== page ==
Jump to content

So, what qualifies you to take boys on hikes? - rant!

Recommended Posts

I agree that there are those of us who probably do not have all of the training that we could.

But as a volunteer organization that relies on fairly heavy time commitments by the uniformed front line leaders - SM's and ASM's, 1)what is a reasonable level of wilderness experience to require - 2)and if it requires training outside of BSA then how is it going to be paid for - is it another part of the opportunity to volunteer, 3)and if so does only one adult(per outing) need the training or does every adult who goes have to have the full training continuum? To include any parents who come along to ensure YPT?


I, for one, agree that you should never be done qualifying, requalifying or adding to your skills - even if you reach the point where adding to your skills is reading about others mishaps.


To date, with-in BSA, I have completed:, YPT, Fast Start: Boy Scouting, Troop Committee Challenge, Safe Swim Defense, Safety Afloat, Trek Safely, Climb On Safely, New Leader Essentials, and Scoutmaster Specific.

In the same period I obtained American Red Cross certifications in: Standard First Aid; CPR/AED Adult and Child with CPR Infant. And attended one of three scheduled Roundtables - (one canceled, one work conflict)

Have I mentioned I have only begun working on training as Scouter since May 1st this year?


*** Caution Sarcasm follows***


Can I take the boys for a hike yet?

Not necessarily High Adventure - I am only a PADI Advanced Open water diver - with deep dive and night certifications. (>100 dives)

I've only spent two years climbing (free, lead and top rope) in Joshua Tree. But no Instructor certifications in either. And no I wouldn't take them without the services of a qualified instructor and the requisite training for the boys.


Oh did I mention, 21 years of service to our country where believe it or not they taught us a little bit about getting along in the woods and in saving our fellow service members lives (Basic training)(First Aid Training)(Combat Lifesaver certification) a little bit of leadership instruction was thrown in on the side (Basic again)(NCO school - local) (Formal NCO school) (Formal Staff-NCO Academy) with essentially 19 to 21 years of laboratory work(depending on when you think being a leader started) doing it every single day. Too many deployments to austere third world environments, with and with out outside logistical support, to list.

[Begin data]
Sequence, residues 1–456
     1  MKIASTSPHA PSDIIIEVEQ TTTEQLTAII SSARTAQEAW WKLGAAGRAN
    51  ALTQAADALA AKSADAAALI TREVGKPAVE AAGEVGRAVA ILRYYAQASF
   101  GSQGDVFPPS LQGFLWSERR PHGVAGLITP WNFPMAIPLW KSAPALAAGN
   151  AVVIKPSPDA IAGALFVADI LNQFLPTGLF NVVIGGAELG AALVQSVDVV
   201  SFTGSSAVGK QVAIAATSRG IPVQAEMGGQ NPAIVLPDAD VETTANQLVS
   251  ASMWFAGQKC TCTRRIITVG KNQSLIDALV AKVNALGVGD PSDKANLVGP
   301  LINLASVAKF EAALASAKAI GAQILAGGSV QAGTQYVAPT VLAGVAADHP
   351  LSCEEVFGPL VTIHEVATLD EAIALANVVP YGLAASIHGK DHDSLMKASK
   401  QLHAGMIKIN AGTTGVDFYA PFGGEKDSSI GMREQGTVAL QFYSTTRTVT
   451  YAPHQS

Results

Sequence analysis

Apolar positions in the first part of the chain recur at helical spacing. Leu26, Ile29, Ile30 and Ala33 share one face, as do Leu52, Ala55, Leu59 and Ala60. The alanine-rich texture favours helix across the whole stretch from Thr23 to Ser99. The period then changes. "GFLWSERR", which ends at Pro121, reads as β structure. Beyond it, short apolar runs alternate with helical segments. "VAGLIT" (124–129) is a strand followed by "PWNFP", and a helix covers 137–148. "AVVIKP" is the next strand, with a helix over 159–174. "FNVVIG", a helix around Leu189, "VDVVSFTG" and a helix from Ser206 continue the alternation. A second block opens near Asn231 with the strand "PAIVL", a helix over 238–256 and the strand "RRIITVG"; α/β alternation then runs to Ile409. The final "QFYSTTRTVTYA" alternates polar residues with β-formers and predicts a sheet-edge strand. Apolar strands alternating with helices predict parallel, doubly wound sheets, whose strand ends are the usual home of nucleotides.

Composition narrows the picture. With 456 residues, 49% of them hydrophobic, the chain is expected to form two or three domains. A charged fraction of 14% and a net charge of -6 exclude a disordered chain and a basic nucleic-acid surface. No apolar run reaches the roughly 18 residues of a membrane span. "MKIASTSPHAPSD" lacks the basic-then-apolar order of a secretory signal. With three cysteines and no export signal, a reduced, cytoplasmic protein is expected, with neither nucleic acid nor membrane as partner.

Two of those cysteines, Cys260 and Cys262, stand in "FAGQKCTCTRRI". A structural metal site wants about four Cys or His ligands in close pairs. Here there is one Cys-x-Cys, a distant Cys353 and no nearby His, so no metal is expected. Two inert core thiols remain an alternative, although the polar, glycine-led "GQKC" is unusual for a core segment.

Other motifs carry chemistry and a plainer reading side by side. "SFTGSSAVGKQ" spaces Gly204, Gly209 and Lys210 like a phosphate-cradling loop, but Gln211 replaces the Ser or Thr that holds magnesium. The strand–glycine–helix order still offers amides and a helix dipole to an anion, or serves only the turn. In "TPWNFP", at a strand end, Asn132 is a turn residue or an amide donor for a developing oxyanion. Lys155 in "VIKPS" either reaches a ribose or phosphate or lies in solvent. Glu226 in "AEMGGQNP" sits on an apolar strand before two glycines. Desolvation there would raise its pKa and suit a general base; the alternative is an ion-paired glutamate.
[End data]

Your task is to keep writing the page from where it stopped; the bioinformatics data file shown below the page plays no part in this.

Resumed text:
Can I take the boys out yet?

Or must I complete BSA Intro to Outdoor Skills first? Oh, and Woodbadge? Oh, and Wilderness First Aid - with Delayed Response?


Oh there's more? Well when you finalize the list, let me know and I'll see if I can get all of that to be fully trained up and still stay current and available to go on those hikes. In the meantime someone less qualified will just have to fill-in.


Oh and does Outward Bound have a perfect safety record? I seem to remember lots of negative press about that organization when I was in High School, have they come along way, sure. But do they use volunteer leaders? I'm not sure but I doubt it. Does any one know?


Or maybe we just need to retreat behind our little suburbanite fences and just let the boys suffer.



Link to post
Share on other sites



Ready on the Left! Ready on the Right! The firing line is no longer clear!


Firers: Breathe, relax, aim and squeeze, Commence Firing!



Remember all those "check-a-blocks" in my thread? You've hit a bunch of them, and helped the Council get Quality Council. What did they do for you???


Truth be told, the only gap I know of in your MILITARY adn LIFE EXPERIENCE training regimen was "ages and stages" for youth. As a Gunny, you're used to 18-21 year olds, with 22 year old LTs who act like 18 year olds, ... Dialing back to the point where you are working with young minds who have lots of discoveries to make is a significant learning point. (Granted, I don't know how big a family you are Dad and Uncle to!)